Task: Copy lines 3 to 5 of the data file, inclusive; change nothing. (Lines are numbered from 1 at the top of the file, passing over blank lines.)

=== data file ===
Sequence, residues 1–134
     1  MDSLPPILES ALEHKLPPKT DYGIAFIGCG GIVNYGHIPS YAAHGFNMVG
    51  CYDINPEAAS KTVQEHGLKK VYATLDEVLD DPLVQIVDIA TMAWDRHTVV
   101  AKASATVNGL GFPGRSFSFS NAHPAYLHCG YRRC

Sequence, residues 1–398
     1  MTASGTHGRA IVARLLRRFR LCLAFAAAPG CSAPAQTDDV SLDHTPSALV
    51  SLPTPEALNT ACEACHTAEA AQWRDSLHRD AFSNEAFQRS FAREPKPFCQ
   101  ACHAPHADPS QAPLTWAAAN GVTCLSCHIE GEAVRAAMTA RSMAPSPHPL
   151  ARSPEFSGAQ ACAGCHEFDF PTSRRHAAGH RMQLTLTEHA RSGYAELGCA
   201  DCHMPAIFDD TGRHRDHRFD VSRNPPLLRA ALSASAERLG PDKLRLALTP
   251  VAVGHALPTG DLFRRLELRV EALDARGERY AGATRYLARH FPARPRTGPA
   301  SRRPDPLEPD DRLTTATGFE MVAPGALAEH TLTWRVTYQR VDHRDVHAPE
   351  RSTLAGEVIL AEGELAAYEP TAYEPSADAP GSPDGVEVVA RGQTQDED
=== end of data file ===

    51  CYDINPEAAS KTVQEHGLKK VYATLDEVLD DPLVQIVDIA TMAWDRHTVV
   101  AKASATVNGL GFPGRSFSFS NAHPAYLHCG YRRC

Sequence, residues 1–398